Welcome to the Charitable Measurement Initiative!

The Charitable Measurement Initiative is a collaboration of people and organizations that are deeply committed to the belief that social change organizations can mobilize significant new and better investment if they are able to implement a measurement reporting framework that credibly communicates their real impact to donors. The Initiative is directed by GiveIndia and calls on the resources of pilot program partners Keystone Accountability, Global Giving, and New Philanthropy Capital, as well as many other organizations committed to social welfare.

The process began when we decided to combine our previous experiences in humanitarian and charitable work with our current work as corporate lawyers. We sought to find a group in India that was looking to incorporate capital markets/securities concepts in reporting and analysis to create more valuable and transparent information.

Thankfully, we were put in touch with GiveIndia. Give discussed the idea of running a pilot program implementing the Keystone framework developed by Keystone Accountability to see if we could help organizations more clearly articulate the outcomes they wanted and better communicate their actual results to donors. This was exactly what we were hoping to do and gladly agreed to donate a year of time to making this work.

While we were in London, Give put us in touch with Keystone Accountability and New Philanthropy Capital. After many meetings throughout the spring and summer, we arrived at our joint creation – the Charitable Measurement Initiative – and a plan as to how we would seek to help NGOs in India become more transparent, responsive, and efficient, as well as help donors become more engaged and involved.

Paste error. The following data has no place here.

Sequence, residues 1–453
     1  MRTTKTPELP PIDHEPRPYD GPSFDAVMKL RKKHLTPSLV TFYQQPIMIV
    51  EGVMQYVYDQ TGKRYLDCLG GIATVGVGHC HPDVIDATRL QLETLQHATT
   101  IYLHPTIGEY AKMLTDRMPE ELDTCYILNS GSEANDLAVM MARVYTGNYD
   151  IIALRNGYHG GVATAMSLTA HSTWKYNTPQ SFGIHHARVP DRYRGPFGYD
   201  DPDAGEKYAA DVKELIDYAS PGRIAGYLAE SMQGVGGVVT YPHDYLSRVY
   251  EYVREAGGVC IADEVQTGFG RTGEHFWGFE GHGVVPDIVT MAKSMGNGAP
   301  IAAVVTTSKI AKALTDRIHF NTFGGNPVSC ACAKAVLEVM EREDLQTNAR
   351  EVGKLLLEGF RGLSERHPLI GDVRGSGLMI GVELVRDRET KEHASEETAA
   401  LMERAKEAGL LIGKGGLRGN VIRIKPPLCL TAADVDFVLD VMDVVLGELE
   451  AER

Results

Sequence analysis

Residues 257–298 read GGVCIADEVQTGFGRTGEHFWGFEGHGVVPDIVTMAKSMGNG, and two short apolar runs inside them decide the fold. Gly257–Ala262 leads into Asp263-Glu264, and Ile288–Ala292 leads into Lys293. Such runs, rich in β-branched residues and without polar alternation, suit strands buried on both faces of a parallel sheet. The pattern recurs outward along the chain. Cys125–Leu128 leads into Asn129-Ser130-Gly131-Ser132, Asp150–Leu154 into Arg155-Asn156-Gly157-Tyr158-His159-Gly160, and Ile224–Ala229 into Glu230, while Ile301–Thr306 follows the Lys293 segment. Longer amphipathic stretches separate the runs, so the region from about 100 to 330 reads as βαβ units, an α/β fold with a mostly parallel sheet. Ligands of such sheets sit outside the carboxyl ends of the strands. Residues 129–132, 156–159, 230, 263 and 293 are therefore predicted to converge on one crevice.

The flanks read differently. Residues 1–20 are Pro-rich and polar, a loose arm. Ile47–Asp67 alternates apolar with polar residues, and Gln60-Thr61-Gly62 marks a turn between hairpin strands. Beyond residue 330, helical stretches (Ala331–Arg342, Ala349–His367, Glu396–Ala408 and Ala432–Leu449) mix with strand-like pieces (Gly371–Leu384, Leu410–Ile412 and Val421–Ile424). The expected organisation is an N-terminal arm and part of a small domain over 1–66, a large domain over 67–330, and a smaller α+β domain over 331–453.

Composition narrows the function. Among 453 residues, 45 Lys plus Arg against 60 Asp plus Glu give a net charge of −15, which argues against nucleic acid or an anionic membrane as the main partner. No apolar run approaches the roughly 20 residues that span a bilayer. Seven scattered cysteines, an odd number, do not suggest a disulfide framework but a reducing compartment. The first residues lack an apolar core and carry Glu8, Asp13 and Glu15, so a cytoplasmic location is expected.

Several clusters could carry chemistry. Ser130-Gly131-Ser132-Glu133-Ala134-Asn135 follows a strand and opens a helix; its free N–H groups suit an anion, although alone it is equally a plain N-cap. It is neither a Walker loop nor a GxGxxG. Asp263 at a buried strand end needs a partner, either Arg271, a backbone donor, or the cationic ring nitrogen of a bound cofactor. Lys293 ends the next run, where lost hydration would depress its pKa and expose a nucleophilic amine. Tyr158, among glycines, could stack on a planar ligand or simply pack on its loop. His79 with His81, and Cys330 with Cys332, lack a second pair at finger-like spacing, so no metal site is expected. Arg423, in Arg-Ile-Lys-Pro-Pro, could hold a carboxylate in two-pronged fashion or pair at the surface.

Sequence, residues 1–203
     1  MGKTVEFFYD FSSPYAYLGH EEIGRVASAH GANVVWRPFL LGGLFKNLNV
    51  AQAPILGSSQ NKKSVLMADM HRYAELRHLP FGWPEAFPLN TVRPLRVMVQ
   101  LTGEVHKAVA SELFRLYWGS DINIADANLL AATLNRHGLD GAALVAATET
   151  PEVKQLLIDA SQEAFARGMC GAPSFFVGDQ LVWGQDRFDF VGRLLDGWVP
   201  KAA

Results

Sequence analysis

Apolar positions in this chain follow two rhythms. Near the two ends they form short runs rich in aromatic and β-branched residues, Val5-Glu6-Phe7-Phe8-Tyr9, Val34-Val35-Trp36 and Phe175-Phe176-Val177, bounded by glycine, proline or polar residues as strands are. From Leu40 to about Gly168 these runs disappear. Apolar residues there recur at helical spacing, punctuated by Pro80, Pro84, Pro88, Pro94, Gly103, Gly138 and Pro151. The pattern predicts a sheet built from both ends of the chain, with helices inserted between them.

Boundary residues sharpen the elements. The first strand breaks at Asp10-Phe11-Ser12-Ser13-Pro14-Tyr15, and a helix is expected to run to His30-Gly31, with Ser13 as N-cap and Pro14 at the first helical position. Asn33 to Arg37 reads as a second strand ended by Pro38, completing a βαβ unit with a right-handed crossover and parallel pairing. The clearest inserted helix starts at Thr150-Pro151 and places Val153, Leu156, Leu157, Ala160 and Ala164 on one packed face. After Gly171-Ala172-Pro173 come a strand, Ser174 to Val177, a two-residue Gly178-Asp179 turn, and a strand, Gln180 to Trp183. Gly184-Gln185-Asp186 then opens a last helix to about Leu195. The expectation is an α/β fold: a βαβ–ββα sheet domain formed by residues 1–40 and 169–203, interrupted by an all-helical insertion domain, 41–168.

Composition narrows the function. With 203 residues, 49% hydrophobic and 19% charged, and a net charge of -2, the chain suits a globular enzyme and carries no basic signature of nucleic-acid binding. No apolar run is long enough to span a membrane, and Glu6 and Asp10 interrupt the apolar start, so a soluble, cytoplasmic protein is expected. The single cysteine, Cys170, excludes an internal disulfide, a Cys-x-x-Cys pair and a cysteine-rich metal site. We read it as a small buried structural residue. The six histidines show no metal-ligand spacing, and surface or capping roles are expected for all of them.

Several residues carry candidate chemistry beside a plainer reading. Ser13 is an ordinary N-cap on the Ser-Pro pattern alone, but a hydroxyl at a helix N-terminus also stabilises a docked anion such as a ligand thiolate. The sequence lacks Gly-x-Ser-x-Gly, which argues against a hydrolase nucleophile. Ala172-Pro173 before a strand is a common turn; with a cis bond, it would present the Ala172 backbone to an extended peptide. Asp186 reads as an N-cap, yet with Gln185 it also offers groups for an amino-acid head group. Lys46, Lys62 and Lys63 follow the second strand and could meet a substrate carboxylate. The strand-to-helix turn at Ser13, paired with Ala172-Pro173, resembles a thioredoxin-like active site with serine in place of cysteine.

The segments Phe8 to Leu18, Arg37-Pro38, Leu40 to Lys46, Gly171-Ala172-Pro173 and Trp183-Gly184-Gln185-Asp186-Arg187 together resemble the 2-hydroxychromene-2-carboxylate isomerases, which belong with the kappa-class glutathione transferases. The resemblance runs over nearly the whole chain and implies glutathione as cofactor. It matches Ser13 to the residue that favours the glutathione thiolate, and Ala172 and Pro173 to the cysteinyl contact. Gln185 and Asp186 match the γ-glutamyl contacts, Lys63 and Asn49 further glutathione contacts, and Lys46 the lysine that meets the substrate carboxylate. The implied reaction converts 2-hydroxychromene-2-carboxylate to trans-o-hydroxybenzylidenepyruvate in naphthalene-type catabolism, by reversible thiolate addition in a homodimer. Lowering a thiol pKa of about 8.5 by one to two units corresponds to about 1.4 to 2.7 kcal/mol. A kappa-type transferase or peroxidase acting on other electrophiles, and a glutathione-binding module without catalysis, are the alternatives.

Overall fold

Saturday, February 2, 2008

Concerns about Unrestricted Funding

Another concern that we have heard several times is that unrestricted funds often lead to misuse, especially duplicate allocations (where more than one donor is given reports of the same project). We have heard stories of where this has happened with some of the most reputed large NGOs.

In its most innocent form, it is done so that funds earmarked for one project are used temporarily for another and later when additional funds come in, they original project will be completed. This happens most often when an NGO has definite income coming to it, but because of some problem with a project, is forced to scramble a little. The more serious form is outright fraud.

We do not approve of either of these forms. What we want is open discussion and some element of unrestricted funding that allows for discussion as to what needs to done to solve social problems with flexibility to cope with problems that pop up.

Like we mentioned in our last post, we are seeing a strong tension between unrestricted funds and honest usage and reporting. Based on what we are hearing, at least initially, there will have to be some form of restriction.